Note: Sample below may appear distorted but all corresponding word document files contain proper formattingExcerpt from Term Paper:
Part of the supervisor's job is to education social workers, help social workers "internalize the service aspirations of social work practice" and moreover help sustain "the worker-as-person in the face of difficult challenges" (Kadushin, 22-23).
Following the reading of this book, I am aware that when social workers perform "non-uniform tasks" in "uncertain and unpredictable contexts" -- toward objectives that are perhaps "ambiguous" -- that leads directly to more "decentralization of decision making" and hence a greater need for "autonomy" (Kadushin, 36). This is not intended to promote the idea that social workers should be out on their own following their own values and goals. But rather, it is an admission that I do need structure, and when there is uncertainty as to how to proceed, and where my intervention may result in possible failure, I need to know my supervisor has provided direction for me. The book is clear in that regard, because the "desirability" of a supervisor lies not just in leadership, but also in the full use of that supervisor's knowledge and experience.
An Empowering Approach to Management in Social Work -- an Overview
Author Donna Hardina -- professor of social work education at California State University in Fresno -- offers a number of empowering advice and examples in her book, an Empowering Approach to Managing Social Service Organizations. For example she offers a chapter on how to promote the psychological empowerment of workers, suggesting that a social workers duties do not have to lead to "dull, routine, and mechanical" outcomes for the worker (Hardina, 2007). Monotonous work and low motivation lead to very poor quality efforts, so it is the supervisor's job to keep workers engaged and enthusiastic.
Hardina relates empowerment to self-efficacy in the sense that the social worker is trained to empower clients and to assist them in discovering their "inner power," and to help clients increase their sense of self-efficacy by relating to the "true causes of their condition" (Hardina). However, notwithstanding the empowerment tactics used with clients, "…little attention has been paid to the needs of social worker that may feel powerless working in traditional, highly centralized, top-down organizational settings…" (Hardina). In addition, Hardina suggests that low morale, low motivation and "minimal levels of job performance" can result when the social worker is not made to feel important by the supervisor, and when the social worker has very little input into decision-making within the organization.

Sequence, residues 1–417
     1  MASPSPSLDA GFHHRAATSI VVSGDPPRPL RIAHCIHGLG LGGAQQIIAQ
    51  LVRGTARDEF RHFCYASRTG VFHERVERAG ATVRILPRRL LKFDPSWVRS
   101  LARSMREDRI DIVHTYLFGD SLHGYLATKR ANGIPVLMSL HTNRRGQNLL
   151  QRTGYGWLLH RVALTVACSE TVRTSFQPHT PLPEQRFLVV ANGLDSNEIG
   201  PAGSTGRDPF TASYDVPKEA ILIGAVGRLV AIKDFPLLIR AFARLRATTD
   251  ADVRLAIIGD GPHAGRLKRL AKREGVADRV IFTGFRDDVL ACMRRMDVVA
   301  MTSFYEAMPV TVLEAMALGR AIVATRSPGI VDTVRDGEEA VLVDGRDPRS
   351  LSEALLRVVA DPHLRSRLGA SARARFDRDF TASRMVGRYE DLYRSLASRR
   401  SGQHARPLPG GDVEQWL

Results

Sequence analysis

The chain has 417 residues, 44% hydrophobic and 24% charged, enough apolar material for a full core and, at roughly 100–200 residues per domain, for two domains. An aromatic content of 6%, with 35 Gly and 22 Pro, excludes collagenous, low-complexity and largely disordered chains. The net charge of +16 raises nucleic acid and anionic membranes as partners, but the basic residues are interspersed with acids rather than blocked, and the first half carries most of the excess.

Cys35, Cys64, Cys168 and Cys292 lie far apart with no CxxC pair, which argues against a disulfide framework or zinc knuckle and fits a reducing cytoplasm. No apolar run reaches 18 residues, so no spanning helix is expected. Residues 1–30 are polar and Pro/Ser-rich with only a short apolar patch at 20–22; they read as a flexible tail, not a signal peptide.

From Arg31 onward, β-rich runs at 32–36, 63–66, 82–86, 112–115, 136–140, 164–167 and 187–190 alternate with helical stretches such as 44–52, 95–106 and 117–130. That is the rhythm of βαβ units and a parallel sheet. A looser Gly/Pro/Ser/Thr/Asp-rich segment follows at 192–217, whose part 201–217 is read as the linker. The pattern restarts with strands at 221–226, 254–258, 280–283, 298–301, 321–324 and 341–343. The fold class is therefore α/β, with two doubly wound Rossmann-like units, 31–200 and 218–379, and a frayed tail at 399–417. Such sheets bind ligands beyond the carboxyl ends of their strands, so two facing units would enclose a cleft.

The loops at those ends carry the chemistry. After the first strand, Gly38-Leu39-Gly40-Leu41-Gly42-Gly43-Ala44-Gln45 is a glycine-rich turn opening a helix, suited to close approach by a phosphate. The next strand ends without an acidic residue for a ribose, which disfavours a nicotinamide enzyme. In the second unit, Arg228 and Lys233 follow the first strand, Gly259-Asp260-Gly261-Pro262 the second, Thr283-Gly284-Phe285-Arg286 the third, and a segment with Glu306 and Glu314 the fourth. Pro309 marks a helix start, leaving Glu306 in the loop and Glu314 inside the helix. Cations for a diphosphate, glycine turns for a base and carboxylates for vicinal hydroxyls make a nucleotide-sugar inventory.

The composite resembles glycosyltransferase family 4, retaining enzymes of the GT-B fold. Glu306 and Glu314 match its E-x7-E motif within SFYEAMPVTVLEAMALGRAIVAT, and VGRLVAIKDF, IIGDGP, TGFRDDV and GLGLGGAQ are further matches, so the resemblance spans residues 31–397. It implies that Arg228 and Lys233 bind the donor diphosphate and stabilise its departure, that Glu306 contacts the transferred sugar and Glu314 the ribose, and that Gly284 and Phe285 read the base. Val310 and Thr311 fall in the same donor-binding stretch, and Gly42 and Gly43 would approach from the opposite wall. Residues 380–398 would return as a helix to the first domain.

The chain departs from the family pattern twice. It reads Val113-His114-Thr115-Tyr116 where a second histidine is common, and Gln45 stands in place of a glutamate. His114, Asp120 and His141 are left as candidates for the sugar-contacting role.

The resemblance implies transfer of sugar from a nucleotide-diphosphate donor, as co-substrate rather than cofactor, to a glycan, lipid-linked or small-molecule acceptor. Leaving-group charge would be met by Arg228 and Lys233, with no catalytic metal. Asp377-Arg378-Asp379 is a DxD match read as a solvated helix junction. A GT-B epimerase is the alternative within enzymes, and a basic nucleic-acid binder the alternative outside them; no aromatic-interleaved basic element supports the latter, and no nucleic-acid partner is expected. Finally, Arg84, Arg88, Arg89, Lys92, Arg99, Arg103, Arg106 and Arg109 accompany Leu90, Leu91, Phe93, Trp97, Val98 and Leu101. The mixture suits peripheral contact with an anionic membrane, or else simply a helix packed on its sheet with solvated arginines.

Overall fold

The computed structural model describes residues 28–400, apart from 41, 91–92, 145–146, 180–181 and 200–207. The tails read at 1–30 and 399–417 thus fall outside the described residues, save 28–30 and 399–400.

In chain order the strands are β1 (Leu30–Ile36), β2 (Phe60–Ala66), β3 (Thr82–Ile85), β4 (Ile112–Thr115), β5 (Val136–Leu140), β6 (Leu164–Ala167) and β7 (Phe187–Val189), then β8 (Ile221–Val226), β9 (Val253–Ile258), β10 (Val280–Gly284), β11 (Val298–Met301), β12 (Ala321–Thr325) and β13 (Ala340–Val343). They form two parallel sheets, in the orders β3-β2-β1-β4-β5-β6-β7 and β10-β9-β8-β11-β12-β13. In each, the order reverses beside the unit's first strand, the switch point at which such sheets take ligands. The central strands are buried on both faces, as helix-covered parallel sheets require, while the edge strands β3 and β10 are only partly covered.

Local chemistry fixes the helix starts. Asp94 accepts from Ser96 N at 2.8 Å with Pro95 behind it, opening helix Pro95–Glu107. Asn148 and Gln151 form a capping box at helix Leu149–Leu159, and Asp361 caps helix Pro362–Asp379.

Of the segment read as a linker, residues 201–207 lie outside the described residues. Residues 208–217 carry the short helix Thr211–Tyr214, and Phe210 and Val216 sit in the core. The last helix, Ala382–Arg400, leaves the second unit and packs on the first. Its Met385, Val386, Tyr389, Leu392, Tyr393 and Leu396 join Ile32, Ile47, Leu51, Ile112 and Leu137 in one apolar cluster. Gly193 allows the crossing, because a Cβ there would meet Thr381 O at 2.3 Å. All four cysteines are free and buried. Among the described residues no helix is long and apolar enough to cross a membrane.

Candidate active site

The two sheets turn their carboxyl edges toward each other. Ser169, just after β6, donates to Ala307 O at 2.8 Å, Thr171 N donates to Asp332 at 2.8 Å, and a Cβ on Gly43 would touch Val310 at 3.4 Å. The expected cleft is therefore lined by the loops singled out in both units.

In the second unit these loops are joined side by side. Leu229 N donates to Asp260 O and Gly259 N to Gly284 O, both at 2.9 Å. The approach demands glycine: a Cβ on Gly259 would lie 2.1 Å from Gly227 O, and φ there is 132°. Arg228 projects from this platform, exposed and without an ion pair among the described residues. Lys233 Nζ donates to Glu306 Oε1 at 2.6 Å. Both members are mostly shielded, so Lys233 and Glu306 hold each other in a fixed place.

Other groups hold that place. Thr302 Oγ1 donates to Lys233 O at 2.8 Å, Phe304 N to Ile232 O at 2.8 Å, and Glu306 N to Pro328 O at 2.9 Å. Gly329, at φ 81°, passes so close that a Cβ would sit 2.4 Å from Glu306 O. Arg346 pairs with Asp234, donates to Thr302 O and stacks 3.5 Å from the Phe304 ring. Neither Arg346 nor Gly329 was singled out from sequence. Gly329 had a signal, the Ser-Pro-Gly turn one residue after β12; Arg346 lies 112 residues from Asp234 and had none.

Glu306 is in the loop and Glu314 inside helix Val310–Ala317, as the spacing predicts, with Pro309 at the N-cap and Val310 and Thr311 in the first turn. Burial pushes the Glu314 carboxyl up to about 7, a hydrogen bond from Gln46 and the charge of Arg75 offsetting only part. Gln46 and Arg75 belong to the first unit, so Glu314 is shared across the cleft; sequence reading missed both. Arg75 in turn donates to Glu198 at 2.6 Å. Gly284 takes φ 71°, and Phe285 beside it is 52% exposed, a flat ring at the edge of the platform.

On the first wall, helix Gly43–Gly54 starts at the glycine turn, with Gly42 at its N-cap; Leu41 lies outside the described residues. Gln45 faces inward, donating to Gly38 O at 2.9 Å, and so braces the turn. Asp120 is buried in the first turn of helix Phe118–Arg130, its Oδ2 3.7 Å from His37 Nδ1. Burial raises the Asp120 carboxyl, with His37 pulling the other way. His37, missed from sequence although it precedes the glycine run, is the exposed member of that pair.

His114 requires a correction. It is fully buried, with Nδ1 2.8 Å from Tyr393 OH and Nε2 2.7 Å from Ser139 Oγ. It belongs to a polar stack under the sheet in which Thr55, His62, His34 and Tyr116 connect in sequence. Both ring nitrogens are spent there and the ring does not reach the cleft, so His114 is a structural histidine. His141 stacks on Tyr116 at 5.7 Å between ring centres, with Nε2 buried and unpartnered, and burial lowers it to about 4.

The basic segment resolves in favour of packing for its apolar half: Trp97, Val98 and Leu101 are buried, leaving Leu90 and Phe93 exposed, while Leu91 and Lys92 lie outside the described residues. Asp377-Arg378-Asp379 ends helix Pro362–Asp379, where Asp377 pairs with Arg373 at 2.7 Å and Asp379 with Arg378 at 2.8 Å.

Hardina also uses the easy read of her narrative to help a social service organization approach team building, an alternative to an agency where decisions are made by a "small number of managers" and power is in the hands of a very few with little or not collaboration with staff. The author offers specifics on skills and strategies that managers need for team building (using 5 specific stages to be used in the process) and after reading these points by Hardina any future manager or leader can clearly see the utility in taking these steps.
Advocacy is a necessary tool not just for the client, but also for the social worker, Hardina explains. Championing the rights of individuals through direct intervention and empowerment is the job of the social worker, but the manager must also use creative and proven advocacy strategies to address potentially challenging issues the social worker is confronted with.
How These Points Apply to Me
In looking ahead to the day when I may be a supervisor, or manager, books like these are important not just to read through and enjoy, but to take notes from and to keep a binder with notes from the best supervisor / manager texts that are available. Empowering people in the community is important, but if the social worker is not empowered to feel good about what he or she is doing, is not empowered to take additional responsibility and to heighten his or her self-image, the work will not get done with the same degree of professionalism that the challenges call for. Knowing how to help build a team -- not just embracing cliches or having a token meeting here or there -- is absolutely vital for the administration of quality social work. This book by Hardina is very useful in that regard.